Keeping family memorabilia can be easy with a little prior planning

Published 12:00 am Sunday, July 15, 2001

Attics and basements are likely places for family memorabilia to accumulate. Neither location is a good choice.

Even if you have switched to digital photography and have scanned scrapbook material to your computer, you probably have family and professional mementoes that require special treatment.

Photographs, photo negatives, color slides, letters, news clippings and similar items deteriorate most rapidly when exposed to fluctuations in temperature and humidity, archivists and conservators say.

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Basements and attics usually offer the extremes in temperatures and most likely are damp and musty.

For the family member determined to keep original records to pass on to other generations, a few tips might help to preserve important documents and images.

Scrapbooks are the most usual method of organizing paper and photographic mementoes.

Not all scrapbooks are alike, however, and the differences are important to note.

For those interested in long-term preservation, the scrapbook from a company dealing in archival-quality products is the right choice.

These scrapbooks are more expensive than those on sale at the local discount stores; but they offer a safer harbor for precious keepsakes.

How precious are the keepsakes? How replaceable are they?

Before some decisions are made about protecting family photos and papers, those questions should be asked.

Materials important for sentimental reasons but having no real value might not warrant the most expensive trappings.

In brief, here are some tips to guide the family collector and organizer.

First, here are some things to avoid:

Don’t get an album with the &uot;magnetic&uot; pages, that is, with adhesive coated pages and plastic covers.

Do not use cellophane tape.

Do not use white glue or rubber cement.

Do not write on objects with ballpoint pens.

Do not type on photos or paper objects.

Do not attach paper clips or rubber bands.

Have a plan. Rarely can a family member put together a scrapbook in one day.

Have a safe place to store the materials between the times you work on the scrapbook.

Shoe boxes and wooden drawers are not safe havens for cherished old photos and paper materials.

Enamel-covered steel boxes or file drawers are better choices.

Here is a short to-do list:

Order acid-free boxes and acid-free tissue from a company such as Light Impressions, 439 Monroe Ave., Rochester, N.Y. 14607.

Use white paste if you want to attach something to the scrapbook page. It’s water soluble.

Handle materials as infrequently as possible, especially those things of substantial value.

Invest in a pair of lint-free white cotton gloves to wear when handling your valuable artifacts. Fingers can transfer damaging sulphur onto the materials.

Consider making photocopies of materials in fragile condition.

Some special advice about photographic negatives and color slides is in order, as more families find value in the old images in today’s digital-directed scene.

If a collection includes negatives made between 1890 and 1950, it probably includes nitrate-based negatives.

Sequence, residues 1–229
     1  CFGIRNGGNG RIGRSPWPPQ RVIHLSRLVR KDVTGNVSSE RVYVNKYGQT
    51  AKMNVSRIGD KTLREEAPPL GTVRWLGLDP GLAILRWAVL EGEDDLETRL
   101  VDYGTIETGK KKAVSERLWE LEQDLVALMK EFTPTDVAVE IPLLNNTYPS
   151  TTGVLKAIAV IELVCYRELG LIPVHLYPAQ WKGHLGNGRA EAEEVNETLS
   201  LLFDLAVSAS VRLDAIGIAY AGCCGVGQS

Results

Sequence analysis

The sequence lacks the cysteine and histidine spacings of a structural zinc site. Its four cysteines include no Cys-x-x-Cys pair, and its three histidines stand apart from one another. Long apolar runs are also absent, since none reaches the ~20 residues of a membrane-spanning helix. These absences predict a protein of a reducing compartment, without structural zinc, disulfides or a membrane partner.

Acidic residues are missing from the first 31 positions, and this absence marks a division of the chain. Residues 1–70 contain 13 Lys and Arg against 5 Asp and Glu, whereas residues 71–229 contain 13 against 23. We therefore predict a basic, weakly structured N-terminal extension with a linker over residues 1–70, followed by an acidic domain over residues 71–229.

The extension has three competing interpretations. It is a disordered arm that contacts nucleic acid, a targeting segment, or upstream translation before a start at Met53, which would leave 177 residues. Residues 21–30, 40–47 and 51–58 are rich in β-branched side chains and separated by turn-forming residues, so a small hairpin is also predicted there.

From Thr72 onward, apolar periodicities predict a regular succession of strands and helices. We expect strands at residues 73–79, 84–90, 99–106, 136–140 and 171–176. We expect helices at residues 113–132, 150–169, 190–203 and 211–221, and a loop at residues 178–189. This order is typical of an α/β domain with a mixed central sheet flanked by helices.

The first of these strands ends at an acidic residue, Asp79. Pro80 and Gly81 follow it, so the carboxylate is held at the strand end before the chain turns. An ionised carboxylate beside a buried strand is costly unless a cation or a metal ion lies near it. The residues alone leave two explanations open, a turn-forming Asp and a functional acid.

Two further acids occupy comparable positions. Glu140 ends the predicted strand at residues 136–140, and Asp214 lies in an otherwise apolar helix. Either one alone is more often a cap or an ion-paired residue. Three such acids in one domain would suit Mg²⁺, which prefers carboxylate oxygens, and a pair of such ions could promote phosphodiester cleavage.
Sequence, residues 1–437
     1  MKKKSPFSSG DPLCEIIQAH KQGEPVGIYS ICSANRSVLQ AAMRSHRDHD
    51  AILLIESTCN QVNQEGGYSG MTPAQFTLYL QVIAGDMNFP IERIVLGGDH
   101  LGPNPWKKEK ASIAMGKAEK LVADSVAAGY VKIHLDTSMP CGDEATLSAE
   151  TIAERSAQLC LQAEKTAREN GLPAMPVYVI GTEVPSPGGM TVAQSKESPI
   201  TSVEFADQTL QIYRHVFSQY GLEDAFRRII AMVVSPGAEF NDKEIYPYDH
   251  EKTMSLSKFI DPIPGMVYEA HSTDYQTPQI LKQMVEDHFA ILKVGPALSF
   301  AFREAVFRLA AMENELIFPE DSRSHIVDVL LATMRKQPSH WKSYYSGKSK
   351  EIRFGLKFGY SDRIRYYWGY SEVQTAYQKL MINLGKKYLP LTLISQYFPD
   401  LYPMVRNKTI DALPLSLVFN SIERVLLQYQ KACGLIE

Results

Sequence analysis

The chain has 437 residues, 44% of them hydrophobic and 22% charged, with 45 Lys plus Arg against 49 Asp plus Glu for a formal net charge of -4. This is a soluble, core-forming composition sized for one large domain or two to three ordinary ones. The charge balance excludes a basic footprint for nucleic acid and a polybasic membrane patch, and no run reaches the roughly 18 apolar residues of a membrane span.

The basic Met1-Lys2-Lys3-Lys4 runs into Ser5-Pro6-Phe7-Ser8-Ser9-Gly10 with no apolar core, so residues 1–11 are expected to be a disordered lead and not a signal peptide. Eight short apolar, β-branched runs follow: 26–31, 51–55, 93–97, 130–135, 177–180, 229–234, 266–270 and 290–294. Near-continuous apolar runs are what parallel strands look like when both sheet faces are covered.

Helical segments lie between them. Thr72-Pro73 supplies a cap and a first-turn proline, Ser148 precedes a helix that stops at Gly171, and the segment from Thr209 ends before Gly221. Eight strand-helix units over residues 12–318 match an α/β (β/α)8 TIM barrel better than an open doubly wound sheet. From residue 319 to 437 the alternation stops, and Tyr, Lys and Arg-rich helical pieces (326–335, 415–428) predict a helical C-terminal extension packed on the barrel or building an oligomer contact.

It’s important to separate these from other types of negatives and other materials in general because of the harmful gases they emit.

How does one tell the nitrate from other negatives?

Sometimes the film manufacturer wrote either &uot;nitrate&uot; or &uot;safety&uot; on the edge of the film.

If not, however, here are some clues to nitrate film based on how it deteriorates.

First sign of deterioration is an amber discoloration of the film base, accompanied by slight fading of the image.

Next, the emulsion may become sticky, causing negatives actually to adhere to one another; a slight acidic odor may be noticeable.

Third, the film begins to show bubbles and to emit a strong, noxious odor.

Next, the film becomes soft and tightly sticks to the film next to it and may have a viscous froth on it.

In the final stage, nitrate film will degenerate almost entirely into a brownish, acrid powder.

Nitrate film can be dangerous. Keeping it as cool and dry as possible is more important if any deterioration has begun.

All photographic negatives should have special housing, beginning with the envelope in which each is placed.

Again, using acid-free materials is important, and a company such as Light Impressions is a source for the materials as well as information.

The same is true for delicate color slides, which should not be placed in polyvinyl plastic slide pages.

Slides may be stored in pocketed pages made of polyester, polypropylene, polyethylene or triacetate.

Photographs and slides are especially sensitive to light.

Fine original prints should not be hung on the wall for display. Rather, have copy prints made to use for show.

Photographs should not be hung on outside walls or in bathrooms because of the threat of moisture.

Heat from vents, fireplaces and other sources can damage photo and paper objects. So can dust and other air pollutants.

In other words, one should be aware of all the potentially damaging conditions in a normal home and be ready to protect the really valuable materials from those threats.